DDSs of the invention have the advantage that they provide for improved sustained release properties with minimal risk for severe/lethal side effects (i.e. reduction of dose dumping and/or abuse potential when the API to be employed is abusable, such as an opioid, a benzodiazepine, etc.). The DDSs of the invention may provide protection against intentional mechanical breakdown, e.g. by traditional methods such as crushing, pestle and mortar, hammering etc by having a high compressive strength level at the micro-level material. This protection may be provided by the DDS of the invention as such, and especially when those DDSs are employed in conjunction with a carrier or filler that also possesses high mechanical strength.

DDSs of the invention may also have the advantage that they may be prepared using established pharmaceutical processing methods and may employ materials that are approved for use in foods or pharmaceuticals or of like regulatory status.

DDSs of the invention may also have the advantage that they may be more efficacious than, be less toxic than, be longer acting than, be more potent than, produce fewer side effects than, be more easily absorbed than, and/or have a better pharmacokinetic profile than, and/or have other useful pharmacological, physical, or chemical properties over, DDSs known in the prior art, whether for use in the treatment of pain or otherwise.

Wherever the word “about” is employed herein in the context of dimensions (e.g. values, temperatures, pressures (exerted forces), relative humidities, sizes and weights, particle or grain sizes, pore sizes, timeframes etc.), amounts (e.g. relative amounts (e.g. numbers, ratios or percentages) of particles, individual constituents in a DDS/composition or a component of a DDS/composition and absolute amounts, such as doses of APIs, numbers of particles, etc), deviations (from constants, degrees of degradation, etc) it will be appreciated that such variables are approximate and as such may vary by ±10%, for example ±5% and preferably ±2% (e.g. ±1%) from the numbers specified herein.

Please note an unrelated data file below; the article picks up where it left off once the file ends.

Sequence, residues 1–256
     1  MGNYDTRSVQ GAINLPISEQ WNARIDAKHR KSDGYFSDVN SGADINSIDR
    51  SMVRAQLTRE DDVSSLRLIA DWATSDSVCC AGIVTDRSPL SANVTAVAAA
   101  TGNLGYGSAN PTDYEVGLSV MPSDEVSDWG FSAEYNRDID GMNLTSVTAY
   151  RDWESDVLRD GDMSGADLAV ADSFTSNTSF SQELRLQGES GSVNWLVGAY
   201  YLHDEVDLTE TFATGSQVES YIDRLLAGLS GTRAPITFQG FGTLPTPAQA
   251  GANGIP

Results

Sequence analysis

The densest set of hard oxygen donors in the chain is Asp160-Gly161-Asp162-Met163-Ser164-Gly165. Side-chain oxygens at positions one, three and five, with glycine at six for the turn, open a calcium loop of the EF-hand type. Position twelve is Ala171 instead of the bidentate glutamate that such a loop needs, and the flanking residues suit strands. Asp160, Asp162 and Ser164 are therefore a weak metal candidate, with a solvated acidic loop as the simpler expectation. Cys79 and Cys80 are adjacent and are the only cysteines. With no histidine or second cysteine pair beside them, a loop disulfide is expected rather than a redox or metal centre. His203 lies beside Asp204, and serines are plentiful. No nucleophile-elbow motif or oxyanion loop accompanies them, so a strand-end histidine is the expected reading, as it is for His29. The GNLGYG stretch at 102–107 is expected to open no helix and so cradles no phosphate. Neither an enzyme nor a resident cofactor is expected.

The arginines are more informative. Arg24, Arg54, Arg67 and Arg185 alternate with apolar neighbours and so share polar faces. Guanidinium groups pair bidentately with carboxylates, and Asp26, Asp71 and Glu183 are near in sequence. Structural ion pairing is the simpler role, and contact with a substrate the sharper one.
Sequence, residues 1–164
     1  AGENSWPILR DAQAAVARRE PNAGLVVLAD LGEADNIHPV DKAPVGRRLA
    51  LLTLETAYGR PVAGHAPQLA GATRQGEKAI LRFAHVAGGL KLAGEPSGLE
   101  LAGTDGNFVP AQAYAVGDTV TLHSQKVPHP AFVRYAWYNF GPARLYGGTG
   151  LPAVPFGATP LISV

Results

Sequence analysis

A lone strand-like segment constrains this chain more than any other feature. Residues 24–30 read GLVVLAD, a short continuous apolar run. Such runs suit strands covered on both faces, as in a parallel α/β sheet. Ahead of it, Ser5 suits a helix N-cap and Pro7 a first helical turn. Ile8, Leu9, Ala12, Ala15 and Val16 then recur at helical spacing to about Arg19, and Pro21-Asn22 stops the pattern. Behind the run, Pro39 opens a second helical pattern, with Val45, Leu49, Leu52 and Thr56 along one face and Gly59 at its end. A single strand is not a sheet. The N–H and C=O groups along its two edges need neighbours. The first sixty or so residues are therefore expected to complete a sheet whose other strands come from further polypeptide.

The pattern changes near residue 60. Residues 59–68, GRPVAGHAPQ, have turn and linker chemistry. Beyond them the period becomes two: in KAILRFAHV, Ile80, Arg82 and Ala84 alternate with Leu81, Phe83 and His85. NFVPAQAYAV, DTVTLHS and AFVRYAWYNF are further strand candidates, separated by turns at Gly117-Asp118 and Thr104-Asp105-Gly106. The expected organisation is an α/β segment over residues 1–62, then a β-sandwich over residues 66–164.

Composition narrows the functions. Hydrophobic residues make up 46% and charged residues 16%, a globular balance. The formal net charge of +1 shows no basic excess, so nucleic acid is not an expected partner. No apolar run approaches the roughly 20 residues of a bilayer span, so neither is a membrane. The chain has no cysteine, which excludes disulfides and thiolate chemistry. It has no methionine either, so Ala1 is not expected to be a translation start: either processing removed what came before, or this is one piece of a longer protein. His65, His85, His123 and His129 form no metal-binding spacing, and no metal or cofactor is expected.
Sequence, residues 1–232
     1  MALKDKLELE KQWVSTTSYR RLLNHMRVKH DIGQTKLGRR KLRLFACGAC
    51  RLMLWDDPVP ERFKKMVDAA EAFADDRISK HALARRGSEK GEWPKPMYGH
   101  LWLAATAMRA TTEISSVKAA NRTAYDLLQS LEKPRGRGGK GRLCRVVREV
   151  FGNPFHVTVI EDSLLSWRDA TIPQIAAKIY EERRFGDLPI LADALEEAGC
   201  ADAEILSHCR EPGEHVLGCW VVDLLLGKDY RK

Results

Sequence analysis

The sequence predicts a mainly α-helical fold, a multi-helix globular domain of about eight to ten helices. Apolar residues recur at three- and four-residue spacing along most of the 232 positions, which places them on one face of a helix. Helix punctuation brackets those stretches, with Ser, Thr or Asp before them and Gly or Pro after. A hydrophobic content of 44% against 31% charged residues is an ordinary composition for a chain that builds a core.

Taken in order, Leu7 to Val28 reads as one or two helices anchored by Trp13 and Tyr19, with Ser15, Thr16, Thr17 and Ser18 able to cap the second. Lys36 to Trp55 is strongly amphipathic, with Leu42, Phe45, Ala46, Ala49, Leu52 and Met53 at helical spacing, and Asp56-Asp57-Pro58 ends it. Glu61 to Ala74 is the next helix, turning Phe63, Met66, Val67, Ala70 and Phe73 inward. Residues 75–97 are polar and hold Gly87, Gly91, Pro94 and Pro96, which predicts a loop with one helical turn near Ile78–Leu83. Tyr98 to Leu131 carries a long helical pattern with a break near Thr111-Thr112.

BRIEF DESCRIPTION OF THE DRAWINGS

The invention is illustrated by the following examples in which:

FIGS. 1 and 2 show the release of zolpidem (FIG. 1) and fentanyl (FIG. 2) containing pellets prepared as set out in Example 1 (Table 1) in pH 6.8.

FIG. 3 shows average compression strength of zolpidem containing DDSs (rods) prepared as set out in Example 1. The error bars represent the maximum and minimum compression strength measured for at least 5 compression rods.

EXAMPLES Example 1

Different geopolymers (see Table 1 below) were prepared by mixing relevant API (fentanyl base (Johnson Matthey MacFarlan & Smith (UK)) or zolpidem tartrate (Cambrex Charles City Inc (USA)); <1 wt %), metakaolin (prepared by heating kaolin (Sigma-Aldrich, Sweden AB) at 800° C. for 2 hours) and different waterglasses (sodium silicate solutions; prepared by mixing different amounts of deionized water with aqueous solutions containing dissolved SiO2 and NaOH) into a homogeneous paste in a glass mortar.

The paste was subsequently transferred to a pellet Teflon®-mould with cylindrically shaped holes with a size of 1.5×1.5 mm (diameter x height). The mould was in turn placed in an oven set to 40° C. for 48 hours to complete geopolymerisation.

TABLE 1
Molar ratios of the different compounds of the samples together with
the sample porosities and the API release process diffusion coefficients
(Abbrev. Zol = zolpidem sample; Fen = fentanyl sample)
Molar Ratio D (pH 6.8)1 Porosity ε2
Sample H2O/SiO2 Na2O/SiO2 Si/Al [10−9 cm2/s] [%]
Zol1 2.6 0.28 1.76  22 ± 13
Zol2 3.4 0.28 1.76 21 ± 7
Zol3 4.5 0.49 1.76 19 ± 6
Zol4 5.9 0.50 1.76 45.5 ± 2.3 32 ± 6
Zol5 3.5 0.33 1.55 28 ± 3
Zol6 5.5 0.44 1.55 24.3 ± 2.1 49 ± 6